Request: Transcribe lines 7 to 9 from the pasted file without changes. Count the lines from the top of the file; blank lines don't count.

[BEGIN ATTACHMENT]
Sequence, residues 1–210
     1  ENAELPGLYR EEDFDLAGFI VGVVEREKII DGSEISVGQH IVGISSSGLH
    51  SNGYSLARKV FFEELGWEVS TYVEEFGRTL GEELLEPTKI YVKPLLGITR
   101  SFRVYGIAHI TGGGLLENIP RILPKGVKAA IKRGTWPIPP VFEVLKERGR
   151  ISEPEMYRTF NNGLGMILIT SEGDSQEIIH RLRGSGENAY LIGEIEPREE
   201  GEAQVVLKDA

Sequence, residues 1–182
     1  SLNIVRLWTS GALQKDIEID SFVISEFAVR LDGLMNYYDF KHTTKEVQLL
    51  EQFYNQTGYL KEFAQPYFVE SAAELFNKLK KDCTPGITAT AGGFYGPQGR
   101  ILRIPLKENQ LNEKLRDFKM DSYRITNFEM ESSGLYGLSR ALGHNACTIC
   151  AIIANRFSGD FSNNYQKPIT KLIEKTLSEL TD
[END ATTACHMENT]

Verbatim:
Sequence, residues 1–182
     1  SLNIVRLWTS GALQKDIEID SFVISEFAVR LDGLMNYYDF KHTTKEVQLL
    51  EQFYNQTGYL KEFAQPYFVE SAAELFNKLK KDCTPGITAT AGGFYGPQGR